Now that the details of Luis Suarez's racial abuse charge have come to light, the sporting world can finally dissect the outcome.
And the fallout of the lengthy 115-page document does not read for pretty reading. Various references to the comments made by the Uruguayan international to Manchester United's Patrice Evra point to the inability for them to be construed as friendly banter.
Yet what seems most shocking from the report is the constant doubt that still surrounds the whole event.
It is even as if the appropriate body is not able to make up their own minds about the argument between the two players, despite being perfectly happy to make an example of Suarez in punishing the Liverpool forward with an eight-match ban and £40,000 fine.
As the BBC reports, the commissioner for the report concluded that "this case is not about whether Suarez is in fact a racist," whilst adding that "there are some indications that he is not."
So hang on, does this mean that a player has been accused of something derogatory, when at the same time there is a general opinion given that he is not capable of such behaviour?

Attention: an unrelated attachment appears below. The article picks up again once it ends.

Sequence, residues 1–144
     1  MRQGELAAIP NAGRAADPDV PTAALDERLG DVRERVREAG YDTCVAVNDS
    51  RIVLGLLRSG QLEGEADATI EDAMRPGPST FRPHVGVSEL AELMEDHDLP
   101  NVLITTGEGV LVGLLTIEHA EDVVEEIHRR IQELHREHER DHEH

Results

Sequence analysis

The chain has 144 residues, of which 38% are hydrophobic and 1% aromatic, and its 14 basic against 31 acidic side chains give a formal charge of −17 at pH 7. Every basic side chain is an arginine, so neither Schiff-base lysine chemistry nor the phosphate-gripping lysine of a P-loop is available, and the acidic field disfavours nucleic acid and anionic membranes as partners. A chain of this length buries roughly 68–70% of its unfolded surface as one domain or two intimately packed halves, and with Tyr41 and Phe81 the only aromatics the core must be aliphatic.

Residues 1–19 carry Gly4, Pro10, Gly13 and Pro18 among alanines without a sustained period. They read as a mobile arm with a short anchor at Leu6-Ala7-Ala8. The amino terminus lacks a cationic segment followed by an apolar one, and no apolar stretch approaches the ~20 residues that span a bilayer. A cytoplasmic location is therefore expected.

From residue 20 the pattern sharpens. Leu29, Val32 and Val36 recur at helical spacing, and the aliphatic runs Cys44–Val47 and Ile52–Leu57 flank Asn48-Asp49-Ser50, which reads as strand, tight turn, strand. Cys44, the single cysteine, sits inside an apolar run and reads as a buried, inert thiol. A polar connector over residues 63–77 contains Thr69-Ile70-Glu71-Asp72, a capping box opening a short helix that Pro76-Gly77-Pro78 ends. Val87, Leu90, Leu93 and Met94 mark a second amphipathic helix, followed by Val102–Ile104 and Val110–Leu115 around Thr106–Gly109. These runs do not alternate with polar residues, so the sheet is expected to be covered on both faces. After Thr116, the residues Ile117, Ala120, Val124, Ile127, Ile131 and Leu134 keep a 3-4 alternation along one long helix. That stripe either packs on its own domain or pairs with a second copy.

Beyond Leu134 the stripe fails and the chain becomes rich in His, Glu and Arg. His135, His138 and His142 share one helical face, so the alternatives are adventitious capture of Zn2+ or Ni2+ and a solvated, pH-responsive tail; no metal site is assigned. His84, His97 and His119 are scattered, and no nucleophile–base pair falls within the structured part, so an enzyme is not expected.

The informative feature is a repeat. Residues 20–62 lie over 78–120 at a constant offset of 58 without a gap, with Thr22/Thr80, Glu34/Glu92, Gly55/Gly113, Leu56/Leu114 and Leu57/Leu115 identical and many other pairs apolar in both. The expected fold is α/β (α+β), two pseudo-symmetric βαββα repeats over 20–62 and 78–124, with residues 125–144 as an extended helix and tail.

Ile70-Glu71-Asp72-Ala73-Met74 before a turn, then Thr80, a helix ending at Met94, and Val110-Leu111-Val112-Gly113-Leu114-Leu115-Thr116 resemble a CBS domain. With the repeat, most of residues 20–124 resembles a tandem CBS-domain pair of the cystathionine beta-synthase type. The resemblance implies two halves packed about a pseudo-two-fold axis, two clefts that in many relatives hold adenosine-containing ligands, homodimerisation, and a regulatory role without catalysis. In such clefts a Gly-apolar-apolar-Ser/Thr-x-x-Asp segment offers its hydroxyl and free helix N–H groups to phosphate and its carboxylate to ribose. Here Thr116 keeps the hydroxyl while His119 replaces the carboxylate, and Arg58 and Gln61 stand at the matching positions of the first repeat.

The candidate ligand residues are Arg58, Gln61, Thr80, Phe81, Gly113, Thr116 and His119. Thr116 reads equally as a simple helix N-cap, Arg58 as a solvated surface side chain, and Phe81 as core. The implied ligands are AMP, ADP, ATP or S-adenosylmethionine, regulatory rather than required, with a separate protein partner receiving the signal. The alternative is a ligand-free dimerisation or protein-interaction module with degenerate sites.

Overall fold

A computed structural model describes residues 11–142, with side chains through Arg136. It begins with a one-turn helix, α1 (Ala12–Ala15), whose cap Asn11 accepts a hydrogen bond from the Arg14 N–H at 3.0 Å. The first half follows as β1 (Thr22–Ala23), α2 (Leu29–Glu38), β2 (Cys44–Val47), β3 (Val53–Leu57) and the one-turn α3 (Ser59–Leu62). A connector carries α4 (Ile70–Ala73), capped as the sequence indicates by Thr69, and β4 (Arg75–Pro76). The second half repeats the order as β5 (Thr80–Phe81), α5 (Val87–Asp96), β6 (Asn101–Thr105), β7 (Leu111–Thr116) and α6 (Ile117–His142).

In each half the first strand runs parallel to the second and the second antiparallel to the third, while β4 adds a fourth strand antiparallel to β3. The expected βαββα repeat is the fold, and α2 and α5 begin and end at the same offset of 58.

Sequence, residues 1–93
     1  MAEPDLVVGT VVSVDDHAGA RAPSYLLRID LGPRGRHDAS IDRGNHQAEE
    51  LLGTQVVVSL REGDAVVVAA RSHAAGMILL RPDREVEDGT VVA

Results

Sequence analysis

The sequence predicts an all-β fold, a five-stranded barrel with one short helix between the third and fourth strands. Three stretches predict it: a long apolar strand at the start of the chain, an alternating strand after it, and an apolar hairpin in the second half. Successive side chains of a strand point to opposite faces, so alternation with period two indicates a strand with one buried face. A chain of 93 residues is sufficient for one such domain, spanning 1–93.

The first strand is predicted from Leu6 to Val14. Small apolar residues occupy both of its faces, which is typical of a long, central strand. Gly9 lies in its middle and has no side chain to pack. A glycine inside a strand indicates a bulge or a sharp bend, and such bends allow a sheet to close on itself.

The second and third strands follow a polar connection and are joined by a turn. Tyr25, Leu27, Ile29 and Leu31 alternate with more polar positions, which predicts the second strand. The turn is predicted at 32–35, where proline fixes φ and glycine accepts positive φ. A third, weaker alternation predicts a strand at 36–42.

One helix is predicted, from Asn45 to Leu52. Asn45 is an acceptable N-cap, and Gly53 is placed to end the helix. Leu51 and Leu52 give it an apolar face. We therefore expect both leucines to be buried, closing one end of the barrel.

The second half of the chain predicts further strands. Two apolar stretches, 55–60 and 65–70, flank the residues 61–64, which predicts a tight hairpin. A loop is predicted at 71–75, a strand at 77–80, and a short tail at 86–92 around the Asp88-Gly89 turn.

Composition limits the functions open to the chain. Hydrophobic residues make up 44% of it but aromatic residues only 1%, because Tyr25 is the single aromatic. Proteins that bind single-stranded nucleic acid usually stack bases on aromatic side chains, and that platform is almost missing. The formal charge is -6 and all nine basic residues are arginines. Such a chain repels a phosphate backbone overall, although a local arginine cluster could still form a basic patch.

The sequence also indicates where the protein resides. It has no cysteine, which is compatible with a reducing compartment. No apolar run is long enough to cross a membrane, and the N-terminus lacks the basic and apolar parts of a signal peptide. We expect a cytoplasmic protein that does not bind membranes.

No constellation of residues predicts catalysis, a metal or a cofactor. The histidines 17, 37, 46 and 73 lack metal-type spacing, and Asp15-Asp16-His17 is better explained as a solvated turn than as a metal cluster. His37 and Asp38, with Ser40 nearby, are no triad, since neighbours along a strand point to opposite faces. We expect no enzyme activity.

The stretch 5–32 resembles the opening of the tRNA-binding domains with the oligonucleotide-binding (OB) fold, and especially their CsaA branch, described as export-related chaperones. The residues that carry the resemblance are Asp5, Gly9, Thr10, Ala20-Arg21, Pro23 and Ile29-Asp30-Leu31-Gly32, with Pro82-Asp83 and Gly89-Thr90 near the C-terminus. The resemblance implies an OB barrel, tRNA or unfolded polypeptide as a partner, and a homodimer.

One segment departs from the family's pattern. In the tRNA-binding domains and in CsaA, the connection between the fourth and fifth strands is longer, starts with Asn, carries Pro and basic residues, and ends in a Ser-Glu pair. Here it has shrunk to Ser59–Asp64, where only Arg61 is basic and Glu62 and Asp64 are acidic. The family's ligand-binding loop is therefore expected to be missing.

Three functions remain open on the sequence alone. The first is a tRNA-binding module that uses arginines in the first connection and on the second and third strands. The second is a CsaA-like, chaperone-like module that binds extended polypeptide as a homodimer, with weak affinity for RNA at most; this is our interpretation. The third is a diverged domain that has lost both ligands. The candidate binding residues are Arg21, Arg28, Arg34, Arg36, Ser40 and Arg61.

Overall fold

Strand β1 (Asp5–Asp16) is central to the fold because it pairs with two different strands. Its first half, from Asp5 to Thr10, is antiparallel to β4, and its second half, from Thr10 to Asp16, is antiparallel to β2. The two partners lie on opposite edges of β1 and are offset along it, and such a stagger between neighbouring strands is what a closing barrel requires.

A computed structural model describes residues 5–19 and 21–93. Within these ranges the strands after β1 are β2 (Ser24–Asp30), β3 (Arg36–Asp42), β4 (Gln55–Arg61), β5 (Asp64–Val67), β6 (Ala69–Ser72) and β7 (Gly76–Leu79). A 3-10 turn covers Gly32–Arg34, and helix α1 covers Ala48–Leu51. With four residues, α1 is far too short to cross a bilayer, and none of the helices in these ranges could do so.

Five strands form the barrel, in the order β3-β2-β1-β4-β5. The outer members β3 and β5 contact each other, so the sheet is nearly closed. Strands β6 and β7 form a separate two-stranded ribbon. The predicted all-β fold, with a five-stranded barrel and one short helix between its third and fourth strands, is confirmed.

We also have the use of many half-hearted attempts at validation for the punishment. Firstly, it is noted that neither player was "unable to remember every detail" of the incident, further adding that Evra's evidence was only "for the most part consistent."
If Suarez was not consistent with his story, then this is fair enough, but only providing that the other party can be. To sum it perfectly, a comment is made that Suarez has been "found guilty on the balance of probability," something which is a step down from being charged "beyond all reasonable doubt."
Now I would never claim to be a lawyer or someone who has an in-depth knowledge of how legal proceedings work, but we are all aware of the term "innocent until proven guilty."
Therefore, unless there is an overwhelming and confident backing for a guilty verdict, there should have been no charge at all. Surely, the accusations should have been thrown out, considering in usual legal cases this would be the outcome.
It seems surprising that Evra's character has remained intact when it has emerged that the incident began after the United player made insulting remarks about Luis Suarez's sister.
In the end, with all of the maybes included, the punishment handed to Suarez now only appears as an example-setting punishment that does not care entirely for the factual elements.
You would expect that the appeal being lodged by Liverpool will focus on the uncertainty surrounding the incident. You can't help but think that until there is a definitive and confirming verdict made, we still cannot assess if Suarez is the disgrace to English football that many have labelled him to be.
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